General view of the Olympic rings in victory park at athletes village. (Credit: Christopher Hanewinckel-USA TODAY Sports via US PRESSWIRE)
When it comes to NBC's taped London Olympic coverage, most Americans don't make an effort one way or the other to avoid or seek out event results.
Only 12% say they would handle the broadcast the way NBC is doing it. Another 17% say they would prefer having results broadcast live during the day instead of on tape delay at night. And the majority want both - live during the day and tape-delayed at night.
Among viewers watching the Games, just 20% say they try to avoid learning event results before seeing taped coverage. More viewers - 25% - actually try to find out results, while the majority of viewers don't care: 52% don't make an effort either way, while 3% have no opinion.
Says Greg Hughes, NBC senior vice president/communications: "More than 200 million Americans, about two-thirds of the country, has watched a portion of the 2012 Olympics on the TV networks of NBCUniversal. It's already among the five most-watched television events ever in America. Our goal is to provide enough options on television and online to satisfy as many people as possible."
According to the national Gallup Daily tracking survey done by phone with 1,082 U.S. adults and taken Aug. 4-5, 59% would like NBC to air daytime events live and and then re-air them in primetime, with another 12% having no opinion. (The survey has a margin of error of plus/minus 4%.)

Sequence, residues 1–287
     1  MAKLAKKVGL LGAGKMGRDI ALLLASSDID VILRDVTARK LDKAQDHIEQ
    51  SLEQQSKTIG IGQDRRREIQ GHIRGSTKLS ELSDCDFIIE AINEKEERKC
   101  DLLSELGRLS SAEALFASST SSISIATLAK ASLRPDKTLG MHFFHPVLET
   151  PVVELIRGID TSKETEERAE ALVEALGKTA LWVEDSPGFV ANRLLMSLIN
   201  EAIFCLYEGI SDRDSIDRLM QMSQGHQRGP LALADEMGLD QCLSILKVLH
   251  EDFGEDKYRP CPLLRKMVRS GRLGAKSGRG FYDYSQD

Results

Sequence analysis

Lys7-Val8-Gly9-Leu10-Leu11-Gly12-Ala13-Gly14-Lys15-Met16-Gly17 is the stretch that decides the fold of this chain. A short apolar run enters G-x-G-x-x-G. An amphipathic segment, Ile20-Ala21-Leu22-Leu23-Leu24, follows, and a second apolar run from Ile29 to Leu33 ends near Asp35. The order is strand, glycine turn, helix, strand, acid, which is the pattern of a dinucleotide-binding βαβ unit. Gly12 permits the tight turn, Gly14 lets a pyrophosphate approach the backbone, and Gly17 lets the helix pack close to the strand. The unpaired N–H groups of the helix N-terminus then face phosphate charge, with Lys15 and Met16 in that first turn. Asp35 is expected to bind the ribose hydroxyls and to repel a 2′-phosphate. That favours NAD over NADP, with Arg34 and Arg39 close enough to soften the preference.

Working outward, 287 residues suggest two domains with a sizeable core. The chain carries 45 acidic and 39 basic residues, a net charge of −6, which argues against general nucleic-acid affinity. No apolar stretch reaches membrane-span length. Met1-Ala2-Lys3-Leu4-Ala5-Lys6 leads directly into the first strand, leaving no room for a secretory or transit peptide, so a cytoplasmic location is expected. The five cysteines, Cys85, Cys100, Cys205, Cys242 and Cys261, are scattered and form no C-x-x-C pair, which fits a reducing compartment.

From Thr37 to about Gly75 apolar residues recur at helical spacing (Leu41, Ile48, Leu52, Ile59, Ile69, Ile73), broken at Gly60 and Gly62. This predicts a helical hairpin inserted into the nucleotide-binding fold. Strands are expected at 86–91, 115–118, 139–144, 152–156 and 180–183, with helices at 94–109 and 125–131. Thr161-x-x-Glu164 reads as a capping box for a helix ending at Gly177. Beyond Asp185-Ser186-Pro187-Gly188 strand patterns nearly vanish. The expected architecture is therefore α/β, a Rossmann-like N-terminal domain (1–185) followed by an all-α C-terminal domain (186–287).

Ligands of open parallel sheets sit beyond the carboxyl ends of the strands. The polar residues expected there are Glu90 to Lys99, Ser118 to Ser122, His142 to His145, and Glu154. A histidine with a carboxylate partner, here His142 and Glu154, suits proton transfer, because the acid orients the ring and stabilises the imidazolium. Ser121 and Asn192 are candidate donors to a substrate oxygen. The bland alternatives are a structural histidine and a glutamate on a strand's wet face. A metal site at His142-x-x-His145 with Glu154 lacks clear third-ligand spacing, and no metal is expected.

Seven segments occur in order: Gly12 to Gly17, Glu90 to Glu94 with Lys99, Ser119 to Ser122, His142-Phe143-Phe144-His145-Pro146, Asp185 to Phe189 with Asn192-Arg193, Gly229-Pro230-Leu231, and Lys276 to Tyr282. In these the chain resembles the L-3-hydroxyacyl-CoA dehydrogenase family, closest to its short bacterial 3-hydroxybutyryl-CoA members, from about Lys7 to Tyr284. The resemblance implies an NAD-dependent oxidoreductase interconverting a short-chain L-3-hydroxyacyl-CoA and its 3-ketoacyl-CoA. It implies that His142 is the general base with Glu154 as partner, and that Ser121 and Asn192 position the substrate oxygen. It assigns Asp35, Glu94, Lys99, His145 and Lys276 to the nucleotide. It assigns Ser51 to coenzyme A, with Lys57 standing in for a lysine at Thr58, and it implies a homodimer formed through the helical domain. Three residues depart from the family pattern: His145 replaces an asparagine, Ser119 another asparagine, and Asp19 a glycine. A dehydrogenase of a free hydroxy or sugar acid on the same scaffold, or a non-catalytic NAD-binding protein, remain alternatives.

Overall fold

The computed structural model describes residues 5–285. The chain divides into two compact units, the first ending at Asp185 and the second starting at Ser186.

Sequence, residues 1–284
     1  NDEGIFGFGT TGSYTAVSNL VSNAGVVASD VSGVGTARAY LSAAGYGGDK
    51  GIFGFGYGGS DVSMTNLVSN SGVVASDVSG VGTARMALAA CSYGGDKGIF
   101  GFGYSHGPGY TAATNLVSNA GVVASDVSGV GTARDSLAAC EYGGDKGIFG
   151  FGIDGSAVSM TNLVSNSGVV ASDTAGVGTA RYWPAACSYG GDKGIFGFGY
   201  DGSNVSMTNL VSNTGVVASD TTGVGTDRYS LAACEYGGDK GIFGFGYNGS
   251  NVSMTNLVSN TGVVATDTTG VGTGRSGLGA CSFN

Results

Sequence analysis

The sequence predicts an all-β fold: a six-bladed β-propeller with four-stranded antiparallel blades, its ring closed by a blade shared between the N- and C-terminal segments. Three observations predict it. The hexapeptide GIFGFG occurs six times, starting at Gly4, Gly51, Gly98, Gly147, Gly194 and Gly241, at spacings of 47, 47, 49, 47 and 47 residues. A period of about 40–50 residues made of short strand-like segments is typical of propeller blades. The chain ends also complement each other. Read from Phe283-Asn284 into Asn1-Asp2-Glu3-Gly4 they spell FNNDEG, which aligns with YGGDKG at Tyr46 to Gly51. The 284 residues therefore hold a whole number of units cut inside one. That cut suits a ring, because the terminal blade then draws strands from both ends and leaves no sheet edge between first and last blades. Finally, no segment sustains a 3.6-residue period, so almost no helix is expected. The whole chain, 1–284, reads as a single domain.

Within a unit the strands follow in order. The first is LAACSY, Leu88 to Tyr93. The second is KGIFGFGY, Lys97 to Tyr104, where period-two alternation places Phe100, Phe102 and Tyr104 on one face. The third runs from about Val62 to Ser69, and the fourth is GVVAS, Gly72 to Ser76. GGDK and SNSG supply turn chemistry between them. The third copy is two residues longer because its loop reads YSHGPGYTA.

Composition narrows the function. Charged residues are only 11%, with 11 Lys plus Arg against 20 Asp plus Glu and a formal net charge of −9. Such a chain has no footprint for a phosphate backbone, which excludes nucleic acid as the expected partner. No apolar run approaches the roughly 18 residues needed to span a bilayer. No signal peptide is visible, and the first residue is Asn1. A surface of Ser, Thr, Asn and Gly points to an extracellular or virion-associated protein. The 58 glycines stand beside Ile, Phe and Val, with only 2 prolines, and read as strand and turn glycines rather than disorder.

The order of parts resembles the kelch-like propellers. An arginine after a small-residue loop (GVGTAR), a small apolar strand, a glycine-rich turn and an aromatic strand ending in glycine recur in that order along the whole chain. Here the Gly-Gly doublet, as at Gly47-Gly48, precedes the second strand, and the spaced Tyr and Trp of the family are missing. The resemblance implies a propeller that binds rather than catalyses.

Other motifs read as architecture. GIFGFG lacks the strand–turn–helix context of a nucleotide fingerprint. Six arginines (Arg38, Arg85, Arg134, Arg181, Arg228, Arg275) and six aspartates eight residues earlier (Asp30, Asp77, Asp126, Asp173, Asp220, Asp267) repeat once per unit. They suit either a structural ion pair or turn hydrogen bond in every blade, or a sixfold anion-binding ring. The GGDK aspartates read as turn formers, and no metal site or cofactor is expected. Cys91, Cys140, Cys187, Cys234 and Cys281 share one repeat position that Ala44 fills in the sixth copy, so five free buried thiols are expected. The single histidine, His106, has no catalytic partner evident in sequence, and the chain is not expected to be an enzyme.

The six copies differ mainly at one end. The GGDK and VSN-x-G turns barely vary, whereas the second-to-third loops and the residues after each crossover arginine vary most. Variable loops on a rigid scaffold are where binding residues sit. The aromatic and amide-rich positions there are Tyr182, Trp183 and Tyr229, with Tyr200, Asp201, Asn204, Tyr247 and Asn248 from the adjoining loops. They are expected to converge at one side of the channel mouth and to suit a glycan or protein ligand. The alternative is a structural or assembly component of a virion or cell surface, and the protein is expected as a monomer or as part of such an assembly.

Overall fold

So why doesn't NBC simply air key event footage live in U.S. daytime and then simply keep including it in its prime-time coverage?
One problem is that once that footage aired, it might end up all over the Internet for hours before NBC's primetime, which generates more than 80% of NBC's London Olympic ad revenues.
Traditionally, the Olympics are the only major sports event that attracts audiences that are majority-female. The survey suggests that's happening with NBC's London coverage, as 43% of women say they are watching a lot, while just 36% of men say so and only 30% of unmarried men.
The Olympics are also historically considered valuable programming because the audiences are relatively affluent and educated. In the survey, only 28% of those with no college say they are watching a lot and only 25% of those with monthly household incomes under $2,000 say that. Among college grads, 49% are watching a lot; among those with monthly household incomes of $5,000 and above, 54% are watching a lot.
By Michael Hiestand, USA TODAY